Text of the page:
Lisa See has written about cultural traditions such as foot binding that might be difficult for modern audiences to understand, and she’s often asked by readers whether she wants us to come to specific conclusions on them. She sees her role as empathetic, rather than didactic, an approach that really resonated with me.

“I am happy to use real people for my own nefarious fictional ends.”

I’m surprised by how often I’m asked whether living descendants of Lydia Robinson have objected to my imagining of her life, so it was entertaining to hear Alex George talk unapologetically about borrowing from reality to make great fiction.

“It’s not a trend. It’s not a fad. It’s the way business should be run.”

This is what Denny S. Bryce had to say about the drive towards telling more diverse stories in historical fiction, and, in particular, the elevation of Black voices. Throughout the conference, she and many other writers and publishing professionals reiterated that inclusion isn’t just a conversation for 2021.

“Am I writing to explain this world to white people? I am not. I am not trying to translate.”

Leslye Penelope spoke about the intended audiences for her historical novels, and how for so long the assumed reader in this genre has been white. I loved the push to think beyond Black stories and characters to consider who we’re writing for and what cultural background we might be assuming.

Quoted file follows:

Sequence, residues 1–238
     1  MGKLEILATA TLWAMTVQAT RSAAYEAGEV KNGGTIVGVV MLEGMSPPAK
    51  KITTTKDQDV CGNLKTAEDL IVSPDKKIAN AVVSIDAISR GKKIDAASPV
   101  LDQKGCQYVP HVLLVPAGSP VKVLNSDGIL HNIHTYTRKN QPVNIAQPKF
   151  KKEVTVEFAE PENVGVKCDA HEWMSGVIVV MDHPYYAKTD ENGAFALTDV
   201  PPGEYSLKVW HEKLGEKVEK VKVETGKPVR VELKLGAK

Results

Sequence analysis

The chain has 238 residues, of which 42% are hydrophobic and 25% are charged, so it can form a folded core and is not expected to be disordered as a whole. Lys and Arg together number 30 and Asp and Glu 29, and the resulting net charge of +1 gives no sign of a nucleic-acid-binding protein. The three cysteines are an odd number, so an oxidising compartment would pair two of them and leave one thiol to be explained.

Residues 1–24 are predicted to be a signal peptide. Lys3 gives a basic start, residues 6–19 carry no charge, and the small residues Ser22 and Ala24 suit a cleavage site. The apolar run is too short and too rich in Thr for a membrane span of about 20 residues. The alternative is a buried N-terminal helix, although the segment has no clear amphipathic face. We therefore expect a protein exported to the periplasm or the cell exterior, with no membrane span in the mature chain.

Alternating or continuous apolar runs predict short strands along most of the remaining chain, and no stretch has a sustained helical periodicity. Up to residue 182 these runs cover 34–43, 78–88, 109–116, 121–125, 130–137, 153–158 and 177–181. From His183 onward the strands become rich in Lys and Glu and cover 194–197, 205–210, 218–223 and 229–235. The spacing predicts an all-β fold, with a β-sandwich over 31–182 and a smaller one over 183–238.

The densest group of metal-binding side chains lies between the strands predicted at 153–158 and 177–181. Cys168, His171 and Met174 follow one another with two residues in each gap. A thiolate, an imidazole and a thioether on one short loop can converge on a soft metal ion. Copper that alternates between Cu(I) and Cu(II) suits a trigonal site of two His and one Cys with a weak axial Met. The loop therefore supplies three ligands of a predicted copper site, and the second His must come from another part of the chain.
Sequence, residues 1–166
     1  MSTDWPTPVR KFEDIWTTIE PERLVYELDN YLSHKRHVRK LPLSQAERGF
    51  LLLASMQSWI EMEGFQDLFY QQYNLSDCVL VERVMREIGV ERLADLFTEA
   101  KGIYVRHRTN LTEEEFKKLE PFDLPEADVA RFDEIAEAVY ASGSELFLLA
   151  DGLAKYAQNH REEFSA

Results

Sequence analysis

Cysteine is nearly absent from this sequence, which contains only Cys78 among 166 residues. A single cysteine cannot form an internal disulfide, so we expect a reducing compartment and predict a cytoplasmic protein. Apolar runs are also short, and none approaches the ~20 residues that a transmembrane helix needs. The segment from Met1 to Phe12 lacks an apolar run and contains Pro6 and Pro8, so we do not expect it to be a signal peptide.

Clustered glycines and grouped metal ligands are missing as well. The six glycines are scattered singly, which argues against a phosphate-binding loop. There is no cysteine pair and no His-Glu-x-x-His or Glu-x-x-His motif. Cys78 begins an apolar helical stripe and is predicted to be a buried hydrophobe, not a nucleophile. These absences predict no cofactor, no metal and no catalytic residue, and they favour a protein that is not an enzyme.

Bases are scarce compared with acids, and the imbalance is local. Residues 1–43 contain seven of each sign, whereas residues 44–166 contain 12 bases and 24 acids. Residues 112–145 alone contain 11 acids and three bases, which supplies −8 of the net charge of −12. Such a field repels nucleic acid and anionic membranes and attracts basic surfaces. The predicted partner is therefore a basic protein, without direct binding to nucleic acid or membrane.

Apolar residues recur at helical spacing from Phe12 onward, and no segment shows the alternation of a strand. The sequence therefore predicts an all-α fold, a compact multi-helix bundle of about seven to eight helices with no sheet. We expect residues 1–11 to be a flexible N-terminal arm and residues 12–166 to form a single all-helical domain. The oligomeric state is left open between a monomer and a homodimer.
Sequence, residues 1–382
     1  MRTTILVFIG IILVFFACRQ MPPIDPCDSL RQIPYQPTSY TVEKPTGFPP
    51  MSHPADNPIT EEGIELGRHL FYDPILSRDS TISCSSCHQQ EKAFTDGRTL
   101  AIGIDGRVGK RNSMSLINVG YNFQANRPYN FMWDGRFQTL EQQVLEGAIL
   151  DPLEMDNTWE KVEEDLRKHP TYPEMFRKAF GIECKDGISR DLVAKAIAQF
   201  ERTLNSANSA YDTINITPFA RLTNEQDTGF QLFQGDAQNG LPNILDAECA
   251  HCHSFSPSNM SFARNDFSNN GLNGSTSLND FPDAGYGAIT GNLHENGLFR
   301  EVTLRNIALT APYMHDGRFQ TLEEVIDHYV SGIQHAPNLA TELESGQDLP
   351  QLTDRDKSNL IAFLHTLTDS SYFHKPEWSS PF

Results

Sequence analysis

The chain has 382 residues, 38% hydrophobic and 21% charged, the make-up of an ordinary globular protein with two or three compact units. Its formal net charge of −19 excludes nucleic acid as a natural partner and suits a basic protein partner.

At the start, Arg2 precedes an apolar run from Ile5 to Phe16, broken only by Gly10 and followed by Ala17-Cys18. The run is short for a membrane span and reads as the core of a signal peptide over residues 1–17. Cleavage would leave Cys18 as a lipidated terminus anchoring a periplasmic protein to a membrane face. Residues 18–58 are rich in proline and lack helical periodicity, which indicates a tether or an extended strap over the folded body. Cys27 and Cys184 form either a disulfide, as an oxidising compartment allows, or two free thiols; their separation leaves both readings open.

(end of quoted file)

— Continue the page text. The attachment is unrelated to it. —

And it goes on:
“If a reader skips the sex scene they should miss part of the plot.”

Jennifer Hallock led a cozy chat on “good sex” in historical fiction. One takeaway? If your sex scenes are skippable, they aren’t doing their job. Good sex scenes aren’t just enjoyable in good fiction—they are vital to your story.

“What lies are people telling about themselves and what do those lies signify?”

I loved this question that Jeanne Mackin asks herself during the research phase. When she sees contradictions between what historical figures wrote about their own lives and other records, she asks herself what these lies and omissions could reveal about their characters.

“I hope that there’s an appetite from publishers and readers for novels about women who are totally unknown.”

One contradiction in the marketplace that was much discussed at the conference was publishing’s purported ambition to tell lesser-known stories from history, while it’s often marquee (i.e. recognisable) names that sell books. Marie Benedict expressed a desire I think many writers in the genre share—for the industry to elevate the stories of the truly unknown.

“You never hear a plumber say, ‘I just didn’t feel like plumbing today’.”

I’m not sure this statement’s entirely true (plumbers are allowed to complain too!), but I like the sentiment behind Erika Mailman’s words. Like her, I agree that writing is a job that takes perseverance, even when the going gets tough and the muse is silent.

Were you at the conference? If so, let me know what your favourite takeaways were—in the comments below, via Instagram or Facebook, or by tweeting @SVictorianist. My debut novel, Bronte’s Mistress, is now available in paperback, as well as hardcover, audiobook, and e-book. To stay in the loop about my books and blog posts, subscribe to my monthly email newsletter below. 

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  1. I attended the HNS conference also. Your quotes have spurred me to go listen to some of the sessions I missed.
    Happy writing,
    Theresa Hupp

  2. This is lovely to hear, Theresa! Thanks for reading. <3